# 5. Integration: Other Trigonometric Forms

by M. Bourne

We can use the trigonometric identities that we learned earlier to simplify the integration process.

The main identities are shown here for reference:

`cos^2x+sin^2x=1`

`1+tan^2x=sec^2x`

`1+cot^2x=csc^2x`

`2\ cos^2x=1+cos\ 2x`

`2\ sin^2x=1-cos\ 2x`

The process that we use involves using the trigonometric ratios to simplify the expression, or to get the expression into a form that can be integrated.

## Integrating a Product of Powers of Sine and Cosine - one power odd

To integrate a product of powers of sine and cosine, we use

`cos^2x+sin^2x=1`

if at least one of the powers is **odd**.

### Example 1

Integrate: `int3\ cos^3x\ dx`.

## Integrating a Product of Powers of Sine and Cosine - powers even

We use

`2\ cos^2x=1+cos\ 2x`

or

`2\ sin^2x=1-cos\ 2x`

if the power of `sin\ x` or `cos\ x` is **even**.

### Example 2

Integrate: `intcos^2\ 2x\ dx`.

### Example 3

Integrate: `6intcot^3x\ dx`.

## Application - Root Mean Square Value

The **root mean square value** of the function *y*
with respect to *x* is given by:

`y_("rms")=sqrt(1/T int_0^T y^2dx`

where *T* is the **period** of *y.*

(See Period of Sine and Cosine if you are not sure about this.)

### Effective Current

A common use of this concept is **effective current**. This
is the value of the **direct current** that would produce the
same quantity of heat energy in the same time as a certain
**alternating current.** It is used in the design of
heaters.

### Example 4

Find the root
mean square (rms) value of *i* = 3 + 2 cos *t.*

This is a graph of our cosine current with the RMS effective current shown.

Graph of `i(t)=3+2cos(t)`, with the RMS current indicated by the dashed magenta line.

### Example 5

For a current *i* given by *i* = *i*_{0} sin ω*t*, show that the root-mean-square of the current for one period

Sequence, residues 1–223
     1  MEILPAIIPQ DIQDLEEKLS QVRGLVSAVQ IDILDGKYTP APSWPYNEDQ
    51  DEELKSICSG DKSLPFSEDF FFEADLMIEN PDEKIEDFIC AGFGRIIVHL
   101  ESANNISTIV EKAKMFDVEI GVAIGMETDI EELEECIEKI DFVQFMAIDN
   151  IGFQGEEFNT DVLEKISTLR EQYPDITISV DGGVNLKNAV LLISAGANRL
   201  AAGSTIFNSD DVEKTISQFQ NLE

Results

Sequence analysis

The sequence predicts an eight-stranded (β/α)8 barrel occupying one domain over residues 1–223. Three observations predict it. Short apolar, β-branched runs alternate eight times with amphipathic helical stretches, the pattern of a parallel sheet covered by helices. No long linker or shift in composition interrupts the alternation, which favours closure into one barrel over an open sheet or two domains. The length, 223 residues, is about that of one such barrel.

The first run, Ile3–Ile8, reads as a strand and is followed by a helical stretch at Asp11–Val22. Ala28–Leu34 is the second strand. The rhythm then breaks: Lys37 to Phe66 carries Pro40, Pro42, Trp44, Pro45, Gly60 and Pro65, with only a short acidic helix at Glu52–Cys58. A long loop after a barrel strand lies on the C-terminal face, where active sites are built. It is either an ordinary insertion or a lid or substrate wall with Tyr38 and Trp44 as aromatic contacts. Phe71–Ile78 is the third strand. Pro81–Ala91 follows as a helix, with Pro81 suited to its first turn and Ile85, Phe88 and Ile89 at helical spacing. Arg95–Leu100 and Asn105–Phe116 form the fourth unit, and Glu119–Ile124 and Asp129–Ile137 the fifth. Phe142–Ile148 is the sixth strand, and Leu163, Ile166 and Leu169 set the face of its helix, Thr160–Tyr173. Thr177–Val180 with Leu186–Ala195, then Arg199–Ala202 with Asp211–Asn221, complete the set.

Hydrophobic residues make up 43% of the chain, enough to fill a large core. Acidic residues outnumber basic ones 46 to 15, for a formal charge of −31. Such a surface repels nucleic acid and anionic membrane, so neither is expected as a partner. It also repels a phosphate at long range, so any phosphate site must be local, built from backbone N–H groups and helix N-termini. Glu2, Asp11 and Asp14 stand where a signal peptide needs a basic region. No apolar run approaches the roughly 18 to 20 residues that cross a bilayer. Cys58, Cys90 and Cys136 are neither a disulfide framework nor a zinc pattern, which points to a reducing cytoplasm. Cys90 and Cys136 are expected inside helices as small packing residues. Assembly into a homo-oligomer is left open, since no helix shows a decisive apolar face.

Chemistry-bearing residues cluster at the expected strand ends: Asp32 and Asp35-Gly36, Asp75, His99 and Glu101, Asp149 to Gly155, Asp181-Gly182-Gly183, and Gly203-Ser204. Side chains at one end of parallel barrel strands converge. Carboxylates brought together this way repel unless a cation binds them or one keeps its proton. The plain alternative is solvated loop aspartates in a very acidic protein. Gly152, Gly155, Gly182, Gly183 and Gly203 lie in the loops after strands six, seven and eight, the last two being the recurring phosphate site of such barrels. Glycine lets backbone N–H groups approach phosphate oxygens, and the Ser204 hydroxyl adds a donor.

is `(i_0)/sqrt2.`

## Exercises

Integrate each of the given functions:

**1.** `int_(pi//3)^(pi//2)sqrt(cos\ x)\ sin^3x\ dx`

The solution for Exercise 1 represents the area under the curve `y(x)=sqrt(cos\ x)\ sin^3x\ dx` between `pi/3 <= x <= pi/2`. Here is that graph:

Graph of `y(x)=sqrt(cos x)\ sin^3x`, indicating the area under the curve from `x=pi/3` to `x=pi/2`.

Zooming out that graph shows it's periodic (it repeats itself) with period `2pi`. There are holes in the graph because of the `sqrt(cos x)` part (we can't have the square root of a negative number).

Graph of `y(x)=sqrt(cos x)\ sin^3x dx`, zoomed out to see its periodic nature.

**2.** `int_0^1sin^2 4x\ dx`

Here is the graph of the integration we just found, indicating the area under the curve `y=sin^2 4x`.

Graph of `y(x)=sin^2 4x`, indicating the area under the curve from `x=0` to `x=1`.

**3.** `intcot\ 4x\ csc^4 4x\ dx`

**4.** `intsqrt(tan\ x)\ sec^4x\ dx`

**5.** `int_(pi//6)^(pi//3)(2dx)/(1+sin\ x`

Graph of `y(x)=2/(1+sin(x))`, indicating the area under the curve from `x=pi/6` to `x=pi/3`.

### Application - Length of a Curve

The length *s* of the arc of a curve
*y* = *f*(*x*) from *x = a *to *x
= b* is given by:

`s=int_a^bsqrt(1+((dy)/dx)^2dx`

Find the length
of the curve *y* = ln (cos *x*) from `x=0` to `x=pi/3`.

Here's the graph of the arc length we just found. I needed to take the absolute value of the `cos(x)` values, otherwise there would be gaps in the graph (whenever `cos(x)` was negative).

Graph of `y(x)=ln|cos x|`, with the curve length we just found indicated in magenta.

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